The importance of having a realistic view
It is important for home owners to have a realistic view of the value of their property. Home ownership accounts for a major part of household wealth and plays a role in consumer spending, saving, and pension decisions. Misperception of the value of residential property may lead to less appropriate financial decisions.
Too rosy a picture of the value of residential property...
Recent DNB research has shown that Dutch home owners often overestimate the value of their property. Even now, some years after the residential property market turnaround in 2008, a major proportion of home owners still believes that their homes have kept their value. Three quarters of Dutch home owners overestimate the current value of their homes. Between 2003 and 2012, the median home owner stated a value that was 13% above the actual value of their property. The actual value is computed by combining the purchase value with regional price trends. In addition, a substantial proportion of home owners is more positive about the future price trend of their own homes than about the general trend of house prices.
This rosy view is also evident when owners compare their own homes with those of others. At end 2013, 29% of home owners were under the impression that the value of their own homes exceeded that of the average house in their street, whereas only 13% thought it was lower. In addition, 31% of home owners thought that their homes were in better condition (versus 5% worse), and 17% was under the impression that the time needed to sell their homes would be shorter (versus 8% longer).
...even after the property market turnaround
The value of residential property is overestimated more when the property market is doing well. Although optimism wanes when house prices take a turn for the worse, home owners take a long time to adapt to reality. Even now, years after the property market turnaround, a large proportion of home owners remains overoptimistic, whereas house prices have dropped by around 20% from their peak in the summer of 2008. This delayed and gradual price fall followed on the quick and sharp drop in the number of home transactions. The lower number of houses changing hands and the slow adjustment to a new market balance is associated with owners hanging on to their high asking prices for too long. The rosy picture that home owners have of the value of their property may explain their reluctance to lower their asking price.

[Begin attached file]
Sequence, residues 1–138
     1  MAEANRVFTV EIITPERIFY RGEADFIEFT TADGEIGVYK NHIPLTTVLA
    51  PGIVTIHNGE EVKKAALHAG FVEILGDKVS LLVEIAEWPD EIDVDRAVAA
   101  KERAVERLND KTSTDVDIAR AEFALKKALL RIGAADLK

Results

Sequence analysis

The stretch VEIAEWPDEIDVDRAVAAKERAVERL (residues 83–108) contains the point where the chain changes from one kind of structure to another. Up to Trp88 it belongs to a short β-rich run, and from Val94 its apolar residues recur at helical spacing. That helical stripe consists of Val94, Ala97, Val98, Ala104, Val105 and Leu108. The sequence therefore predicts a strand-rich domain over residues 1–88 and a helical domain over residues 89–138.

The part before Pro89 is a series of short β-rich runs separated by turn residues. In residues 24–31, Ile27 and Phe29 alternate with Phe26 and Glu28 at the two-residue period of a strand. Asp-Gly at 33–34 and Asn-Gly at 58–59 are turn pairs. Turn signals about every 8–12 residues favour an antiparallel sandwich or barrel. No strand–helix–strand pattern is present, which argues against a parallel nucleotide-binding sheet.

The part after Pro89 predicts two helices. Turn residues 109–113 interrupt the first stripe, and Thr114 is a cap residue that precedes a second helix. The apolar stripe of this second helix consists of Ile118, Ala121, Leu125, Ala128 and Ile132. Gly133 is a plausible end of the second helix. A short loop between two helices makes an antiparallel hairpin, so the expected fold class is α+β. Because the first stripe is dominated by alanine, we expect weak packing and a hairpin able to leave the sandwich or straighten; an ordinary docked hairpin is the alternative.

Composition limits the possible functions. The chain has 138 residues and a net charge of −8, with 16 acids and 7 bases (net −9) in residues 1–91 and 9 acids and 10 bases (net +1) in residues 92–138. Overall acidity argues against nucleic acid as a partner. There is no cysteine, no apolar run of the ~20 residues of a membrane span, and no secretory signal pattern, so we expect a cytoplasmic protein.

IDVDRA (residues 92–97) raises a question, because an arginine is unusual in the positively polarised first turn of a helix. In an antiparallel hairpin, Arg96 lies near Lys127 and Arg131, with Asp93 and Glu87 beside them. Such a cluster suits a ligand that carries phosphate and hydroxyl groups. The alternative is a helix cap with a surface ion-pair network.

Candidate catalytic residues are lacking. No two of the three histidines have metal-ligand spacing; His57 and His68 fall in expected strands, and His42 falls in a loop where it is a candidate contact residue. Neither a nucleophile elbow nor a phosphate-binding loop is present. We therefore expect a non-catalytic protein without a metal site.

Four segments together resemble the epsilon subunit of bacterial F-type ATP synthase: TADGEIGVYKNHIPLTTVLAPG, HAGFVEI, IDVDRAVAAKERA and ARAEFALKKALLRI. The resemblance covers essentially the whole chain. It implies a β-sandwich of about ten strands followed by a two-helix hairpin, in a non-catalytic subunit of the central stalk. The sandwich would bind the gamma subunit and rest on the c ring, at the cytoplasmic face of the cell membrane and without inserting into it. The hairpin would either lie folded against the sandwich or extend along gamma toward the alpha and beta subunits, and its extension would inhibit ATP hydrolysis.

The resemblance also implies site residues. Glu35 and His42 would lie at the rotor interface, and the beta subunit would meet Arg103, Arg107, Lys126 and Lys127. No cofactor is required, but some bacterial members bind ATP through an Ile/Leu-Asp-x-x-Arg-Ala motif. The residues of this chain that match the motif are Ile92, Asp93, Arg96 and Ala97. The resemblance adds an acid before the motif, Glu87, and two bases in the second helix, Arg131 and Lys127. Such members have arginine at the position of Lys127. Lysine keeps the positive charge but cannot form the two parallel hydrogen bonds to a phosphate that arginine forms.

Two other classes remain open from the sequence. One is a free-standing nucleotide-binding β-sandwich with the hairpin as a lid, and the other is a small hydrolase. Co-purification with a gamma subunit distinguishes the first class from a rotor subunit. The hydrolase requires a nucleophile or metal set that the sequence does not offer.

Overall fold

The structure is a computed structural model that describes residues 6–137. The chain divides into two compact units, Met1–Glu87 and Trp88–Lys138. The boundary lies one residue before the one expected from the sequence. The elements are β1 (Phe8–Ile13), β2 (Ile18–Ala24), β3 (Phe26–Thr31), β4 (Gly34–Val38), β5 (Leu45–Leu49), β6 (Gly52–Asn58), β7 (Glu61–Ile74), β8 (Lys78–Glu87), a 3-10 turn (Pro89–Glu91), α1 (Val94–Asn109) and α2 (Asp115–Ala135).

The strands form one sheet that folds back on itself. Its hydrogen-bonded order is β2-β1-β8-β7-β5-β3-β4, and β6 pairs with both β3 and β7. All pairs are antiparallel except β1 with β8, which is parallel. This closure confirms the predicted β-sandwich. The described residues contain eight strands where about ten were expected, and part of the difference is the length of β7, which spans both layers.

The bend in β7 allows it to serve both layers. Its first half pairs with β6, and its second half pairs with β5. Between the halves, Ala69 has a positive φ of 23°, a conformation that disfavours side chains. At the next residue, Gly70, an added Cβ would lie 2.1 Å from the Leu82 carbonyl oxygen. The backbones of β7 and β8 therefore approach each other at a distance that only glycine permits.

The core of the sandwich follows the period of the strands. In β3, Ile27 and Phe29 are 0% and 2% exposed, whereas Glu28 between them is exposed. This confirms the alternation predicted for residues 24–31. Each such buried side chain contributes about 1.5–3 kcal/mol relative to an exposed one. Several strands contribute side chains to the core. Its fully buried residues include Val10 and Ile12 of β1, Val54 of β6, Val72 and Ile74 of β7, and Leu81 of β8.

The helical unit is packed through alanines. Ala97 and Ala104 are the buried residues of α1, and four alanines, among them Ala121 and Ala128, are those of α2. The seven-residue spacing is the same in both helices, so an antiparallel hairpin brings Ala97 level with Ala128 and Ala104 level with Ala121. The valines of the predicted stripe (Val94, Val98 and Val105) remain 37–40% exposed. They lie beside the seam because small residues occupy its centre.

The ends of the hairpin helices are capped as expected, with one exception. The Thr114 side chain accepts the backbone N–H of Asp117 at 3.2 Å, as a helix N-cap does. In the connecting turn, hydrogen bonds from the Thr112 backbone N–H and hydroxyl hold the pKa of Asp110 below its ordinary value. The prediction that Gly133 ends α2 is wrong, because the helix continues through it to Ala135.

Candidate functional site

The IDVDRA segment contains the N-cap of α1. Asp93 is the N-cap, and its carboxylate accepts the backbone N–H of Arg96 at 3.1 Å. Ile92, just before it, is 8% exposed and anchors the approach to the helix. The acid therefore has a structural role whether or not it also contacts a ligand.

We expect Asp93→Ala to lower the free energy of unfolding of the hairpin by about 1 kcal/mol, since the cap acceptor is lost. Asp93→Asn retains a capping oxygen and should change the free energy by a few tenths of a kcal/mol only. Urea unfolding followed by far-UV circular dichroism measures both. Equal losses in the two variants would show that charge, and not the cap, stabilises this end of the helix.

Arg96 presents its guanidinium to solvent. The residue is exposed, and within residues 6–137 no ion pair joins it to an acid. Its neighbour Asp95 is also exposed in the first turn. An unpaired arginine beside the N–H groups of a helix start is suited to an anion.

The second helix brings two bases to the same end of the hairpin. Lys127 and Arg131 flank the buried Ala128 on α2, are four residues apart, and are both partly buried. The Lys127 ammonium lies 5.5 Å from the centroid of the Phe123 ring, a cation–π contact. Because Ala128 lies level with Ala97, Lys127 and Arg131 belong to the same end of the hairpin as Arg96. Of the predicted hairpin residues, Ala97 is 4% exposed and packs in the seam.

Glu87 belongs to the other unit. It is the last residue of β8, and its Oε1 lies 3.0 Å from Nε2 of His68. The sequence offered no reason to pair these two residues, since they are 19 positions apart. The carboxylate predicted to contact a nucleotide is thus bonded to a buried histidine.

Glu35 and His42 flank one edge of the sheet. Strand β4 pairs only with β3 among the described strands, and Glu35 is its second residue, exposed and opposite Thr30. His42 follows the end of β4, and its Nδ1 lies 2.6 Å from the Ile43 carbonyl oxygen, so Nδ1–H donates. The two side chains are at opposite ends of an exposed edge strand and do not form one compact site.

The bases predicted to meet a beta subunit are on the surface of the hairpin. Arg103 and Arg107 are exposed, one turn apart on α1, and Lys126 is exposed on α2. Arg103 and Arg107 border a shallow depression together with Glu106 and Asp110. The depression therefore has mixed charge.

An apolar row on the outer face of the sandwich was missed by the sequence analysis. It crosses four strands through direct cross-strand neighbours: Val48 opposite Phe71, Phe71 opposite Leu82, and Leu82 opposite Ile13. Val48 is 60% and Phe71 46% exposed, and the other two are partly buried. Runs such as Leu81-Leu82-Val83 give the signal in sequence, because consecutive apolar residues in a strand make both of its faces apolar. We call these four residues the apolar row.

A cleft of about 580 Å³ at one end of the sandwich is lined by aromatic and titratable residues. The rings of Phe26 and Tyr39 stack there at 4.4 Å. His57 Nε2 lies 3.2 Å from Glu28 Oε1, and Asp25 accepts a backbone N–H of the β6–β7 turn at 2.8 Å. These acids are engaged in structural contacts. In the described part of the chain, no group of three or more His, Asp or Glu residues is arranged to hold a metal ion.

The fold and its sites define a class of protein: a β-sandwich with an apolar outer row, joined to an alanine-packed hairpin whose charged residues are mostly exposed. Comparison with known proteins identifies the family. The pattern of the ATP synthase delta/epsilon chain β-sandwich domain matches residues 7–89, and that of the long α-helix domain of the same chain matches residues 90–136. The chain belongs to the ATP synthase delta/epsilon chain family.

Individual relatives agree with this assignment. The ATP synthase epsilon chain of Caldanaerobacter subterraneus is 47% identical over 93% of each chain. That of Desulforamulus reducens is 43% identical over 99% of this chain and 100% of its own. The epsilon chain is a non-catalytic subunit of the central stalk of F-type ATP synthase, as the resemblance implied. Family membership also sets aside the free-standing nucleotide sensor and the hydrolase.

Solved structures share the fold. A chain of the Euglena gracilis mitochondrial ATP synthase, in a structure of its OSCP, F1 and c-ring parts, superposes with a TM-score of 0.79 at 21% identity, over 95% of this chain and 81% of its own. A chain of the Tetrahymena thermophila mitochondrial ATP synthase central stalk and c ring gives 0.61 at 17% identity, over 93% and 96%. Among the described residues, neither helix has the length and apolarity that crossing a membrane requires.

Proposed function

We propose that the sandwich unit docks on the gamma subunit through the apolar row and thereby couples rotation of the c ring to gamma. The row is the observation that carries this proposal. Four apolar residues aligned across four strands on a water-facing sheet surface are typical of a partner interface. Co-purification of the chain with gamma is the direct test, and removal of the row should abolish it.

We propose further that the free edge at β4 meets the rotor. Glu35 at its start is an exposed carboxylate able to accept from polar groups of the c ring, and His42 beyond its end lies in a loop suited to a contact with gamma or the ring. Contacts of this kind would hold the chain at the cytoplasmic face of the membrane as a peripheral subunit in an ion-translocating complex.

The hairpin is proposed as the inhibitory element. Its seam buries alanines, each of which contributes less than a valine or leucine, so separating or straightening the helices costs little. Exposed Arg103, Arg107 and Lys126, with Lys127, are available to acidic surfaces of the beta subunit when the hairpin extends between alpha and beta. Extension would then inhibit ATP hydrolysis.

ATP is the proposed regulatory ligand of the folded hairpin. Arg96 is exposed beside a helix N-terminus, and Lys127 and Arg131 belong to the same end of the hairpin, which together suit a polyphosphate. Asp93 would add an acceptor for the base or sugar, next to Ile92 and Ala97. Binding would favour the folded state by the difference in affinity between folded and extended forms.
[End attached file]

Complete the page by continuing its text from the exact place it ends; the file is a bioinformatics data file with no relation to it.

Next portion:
Loss aversion and ownership effect as an explanation
Overestimation of the value of residential property correlates closely with two psychological processes that have also been found to occur in other areas. DNB research finds a duration-of-current-ownership effect; the value overestimation increases with the duration of ownership. The sense of ownership increases with the number of years that a home is owned and has become completely adapted to the preferences and needs of its owners.
Research has shown that loss aversion also plays an important role in the residential property market. Loss aversion means that a loss of a certain size has a bigger effect on people’s sense of well-being than a profit of the same size. This is not new: investors are known to be very reluctant to part with their shareholdings following a price fall, as they are forced to face the loss they have suffered when they do. In the residential property market, owners try to avoid losses relative to certain reference points, e.g. the purchasing price or the level of their mortgage. DNB research shows that particularly home owners facing high loan-to-value ratios have a too rosy picture of the value of their homes. A supplementary survey also shows that three-quarters of the Dutch population find it important to at least recover the original purchasing price when selling their homes. And an even larger proportion considers it essential not to be left with residual mortgage debt.